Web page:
This (queer) oscillation between eros and violence, “having” and “being” the phallus, through touch is also figured by the interactions between Chiron and his mother Paula, thus re-emphasizing the primary queering of the Black through the (white) Symbolic’s metonymic association of the Black with the “deviant” Law of the Mother. During act two of Moonlight, when an adolescent Chiron must psychically survive, amongst his other psychic pressures, his crack-addicted mother, a scene of touch occurs where, when returning back home from his sexual excursion with Kevin, Chiron covers his drug-addled mother with a blanket, who is sleeping on a couch. Paula, half-waking up from an intoxicated sleep, holds Chiron’s face in her hands, telling him that he is the “only one” for her, and vice versa (figure 4). Disavowing the intense psychic trauma she has caused Chiron, Paula’s figuration of Chiron as the sole object of her desire is a scene of emotional violence and manipulation towards Chiron. In act three, however, when an older Chiron visits Paula at a rehabilitation center, the scene climaxes with Chiron accepting Paula’s remorseful apology for the irreversible trauma she caused Chiron to carry throughout his life. Chiron engulfs Paula with a hug (figure 5), a touch figuring an eros that, not endeavoring any task of psychic reparation for the contingent effects of Paula’s past jouissance, represents the Imaginary unity of the infant and the figure of the Mother; however, in the context of Spillers’ deformation of psychoanalysis through historicization, the touch of Chiron’s hug can be read as contributing to her endorsement of the Black male “regain[ing] [the heritage of the mother] as an aspect of his own personhood” (Spillers, 80), refusing to contribute to the (white and heterosexual) Symbolic “disavowal of male lack” (Silverman, 37).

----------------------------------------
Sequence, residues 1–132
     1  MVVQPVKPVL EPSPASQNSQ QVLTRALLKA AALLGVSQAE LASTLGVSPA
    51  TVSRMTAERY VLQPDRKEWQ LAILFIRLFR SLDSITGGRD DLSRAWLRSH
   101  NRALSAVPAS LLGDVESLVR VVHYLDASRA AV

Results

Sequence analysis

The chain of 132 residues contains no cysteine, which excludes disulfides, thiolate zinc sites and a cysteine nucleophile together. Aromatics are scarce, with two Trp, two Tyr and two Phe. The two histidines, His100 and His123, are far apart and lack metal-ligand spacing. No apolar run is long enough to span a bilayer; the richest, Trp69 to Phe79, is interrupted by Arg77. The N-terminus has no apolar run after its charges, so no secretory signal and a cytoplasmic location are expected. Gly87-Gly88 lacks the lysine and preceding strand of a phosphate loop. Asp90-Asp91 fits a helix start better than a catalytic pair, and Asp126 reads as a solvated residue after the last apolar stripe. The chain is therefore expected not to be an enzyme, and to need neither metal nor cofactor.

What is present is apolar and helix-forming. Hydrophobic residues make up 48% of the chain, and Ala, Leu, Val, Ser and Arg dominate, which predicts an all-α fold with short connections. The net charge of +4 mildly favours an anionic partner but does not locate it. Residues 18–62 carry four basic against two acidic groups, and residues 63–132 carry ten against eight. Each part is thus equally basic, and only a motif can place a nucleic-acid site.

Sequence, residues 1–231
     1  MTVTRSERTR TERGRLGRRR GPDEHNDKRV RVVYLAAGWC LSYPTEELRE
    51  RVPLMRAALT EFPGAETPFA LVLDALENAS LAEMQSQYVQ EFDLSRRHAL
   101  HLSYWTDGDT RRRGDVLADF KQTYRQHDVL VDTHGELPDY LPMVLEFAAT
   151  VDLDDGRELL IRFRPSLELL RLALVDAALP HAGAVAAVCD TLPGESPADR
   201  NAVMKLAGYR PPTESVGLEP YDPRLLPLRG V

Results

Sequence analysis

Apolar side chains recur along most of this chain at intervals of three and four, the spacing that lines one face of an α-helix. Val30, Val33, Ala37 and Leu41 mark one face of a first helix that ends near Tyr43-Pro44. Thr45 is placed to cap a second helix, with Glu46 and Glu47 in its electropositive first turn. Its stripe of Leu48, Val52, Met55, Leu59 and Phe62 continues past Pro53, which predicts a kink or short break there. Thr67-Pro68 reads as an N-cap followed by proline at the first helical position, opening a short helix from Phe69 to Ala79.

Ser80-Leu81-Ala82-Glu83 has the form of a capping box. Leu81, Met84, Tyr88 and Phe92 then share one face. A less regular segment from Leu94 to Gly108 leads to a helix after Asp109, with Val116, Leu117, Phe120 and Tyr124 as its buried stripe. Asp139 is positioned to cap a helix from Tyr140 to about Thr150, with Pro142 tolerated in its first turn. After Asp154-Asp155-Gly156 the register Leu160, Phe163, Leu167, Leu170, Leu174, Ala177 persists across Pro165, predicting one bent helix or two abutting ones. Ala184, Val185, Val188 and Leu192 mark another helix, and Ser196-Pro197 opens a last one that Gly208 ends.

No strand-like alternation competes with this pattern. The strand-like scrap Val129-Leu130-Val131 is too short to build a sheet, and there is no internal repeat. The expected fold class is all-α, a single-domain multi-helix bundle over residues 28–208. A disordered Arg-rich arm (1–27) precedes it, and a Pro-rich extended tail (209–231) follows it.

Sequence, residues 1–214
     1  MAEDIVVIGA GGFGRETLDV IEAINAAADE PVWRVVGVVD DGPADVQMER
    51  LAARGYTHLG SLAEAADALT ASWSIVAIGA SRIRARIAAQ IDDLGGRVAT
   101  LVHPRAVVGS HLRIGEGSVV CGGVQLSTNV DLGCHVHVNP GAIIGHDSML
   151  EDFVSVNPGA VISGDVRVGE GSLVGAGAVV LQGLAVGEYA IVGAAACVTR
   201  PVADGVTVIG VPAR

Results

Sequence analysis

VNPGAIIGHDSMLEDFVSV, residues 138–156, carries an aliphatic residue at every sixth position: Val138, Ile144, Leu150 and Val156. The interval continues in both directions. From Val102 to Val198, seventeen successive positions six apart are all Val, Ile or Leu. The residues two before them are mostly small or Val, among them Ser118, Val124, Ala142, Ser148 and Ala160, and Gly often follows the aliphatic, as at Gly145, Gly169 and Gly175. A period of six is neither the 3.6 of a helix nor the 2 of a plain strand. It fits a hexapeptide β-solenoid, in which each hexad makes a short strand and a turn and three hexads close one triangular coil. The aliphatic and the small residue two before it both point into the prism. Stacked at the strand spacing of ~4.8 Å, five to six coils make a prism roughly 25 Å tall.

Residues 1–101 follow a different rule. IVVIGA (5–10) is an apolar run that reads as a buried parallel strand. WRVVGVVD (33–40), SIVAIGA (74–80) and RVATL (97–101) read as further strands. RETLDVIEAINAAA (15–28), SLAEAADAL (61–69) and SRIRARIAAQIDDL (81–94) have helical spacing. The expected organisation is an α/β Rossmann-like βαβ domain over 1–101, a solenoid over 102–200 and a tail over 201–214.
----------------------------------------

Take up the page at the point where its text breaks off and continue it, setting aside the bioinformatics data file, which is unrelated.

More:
The male body (and psyche), threatened by, yet garnering enjoyment from, feminine lack is shown to, in the dominant Symbolic ideology of homophobic heterosexual masculinity, be read into an illusory identity that misrecognizes the contingency of desire. The image of “the homosexual,” figuring the drive endlessly (and joyfully) circling around (feminine) lack, oscillating around, and thus annihilating, the purposed stability of identities, is truly a projection of an extimate lack that possesses the (heterosexual) male. Queerness, then, as the field of subject-annihilating desire, manifesting the imago of “the homosexual” in the homophobic cultural psyche, is, as described, both the excess and the kernel of (sexual) subjective positionality. As a historically produced phenomenon, the primary queering of the Black, through the (white) deprecation of the matriarchal structure of a Black sociality removed from kinship, coupled with the founding psychic dimension of male anxiety, produces the Black male subject as having a double recognition of (feminine) lack, and, as Spillers writes, “embod[ying] the only American community of males which has had the specific occasion to learn who the female is within itself” (80). Moonlight, through the motif of the (queer) touch of Black flesh, views the specter of queerness as the cultural vestibularity oscillating the subject between “having” and “being” the phallus, disarticulating the violent essentialism of claiming identity. Edelman’s geometric elaboration on the impossibility of culturally conceiving of such a queerness that deconstructs the (non)relation between self and Other can be linked, though disparately, to Moonlight‘s held emblem of (queer) touch, and its imagistic movement away from, yet Real movement towards, the metaphor of “containment” that is (in the homophobic Symbolic) associated with male-to-male sexual activity. Edelman’s example illustrating the impossible conception of two geometrically non-identical objects “each of which contain the other while being contained, at the same time, within it” (Homographesis, 70) is irreconcilable with Moonlight‘s linkage of the Black flesh and queerness through the motif of touch. If Edelman means to metaphorically connect two “non-identical objects” with the two (queer[ed]) subjects of male-to-male intercourse that open up and “contain” each other, Spillers’ reading of the undifferentiated, and practically speaking, in the (white) Symbolic, identically (un)gendered, complicates this conception, making it not of use to the Black queer(ed) subjects Moonlight filmically represents. Furthermore, Moonlight shows no male-to-male anal intercourse, instead showing the touch of male-to-male masturbation, and thus the geometric metaphor of the touch of two lines intersecting into an irreducible, and conceptually impossible, point is more apt for an analysis of the film’s Spillerian reading of (Black) queerness. The Oxford English Dictionary defines touch, geometrically, as “a point of contact between two lines… [especially] one at which neither passes through the other (even if extended).” The two lines described, undifferentiated in imagistic form, akin to the undifferentiated form of marked Black flesh, intersect and touch at a singular point. The point of contact, however, is defined as especially a point in which neither line passes through the other, which is an interesting element of the proposed definition, as the touch would not relate to an intersecting line, per se. As a sort of refraction of two undifferentiated forms on one irreducible and self-contained point that does not allow a passing of trajectories, then, the proposed touch as a Black, queer touch is a pure jouissance, and impossible reduction of self and Other, though purely contingent and not maintaining a similar passing of trajectories. While this geometric metaphor proposed is not impossible to conceive of, as is Edelman’s, the imp(oss/ass)ible point of touch is, in its very minute particularity, a fleeting, and ultimately illusory, contact that resembles the contingent vestibularity of the touch illustrated in Moonlight. A Black queerness, then, is the plane of a culturally unfeasible enjoyment – there is no possible project to integrate a Black queerness into the Symbolic Order. Neither “neither,” nor “nor,” escaping the coherence of every binary opposition, a Black queerness is antithetical to the world structured by the heterosexual patriarchy, as part and parcel of the longue durée of slavery. And yet, as Moonlight demonstrates, a Black queerness is held in the diminutive moment of touch that escapes time and space, floating in a nether region that both threatens and eludes the grasp of the subject founded on the kernel of jouissance.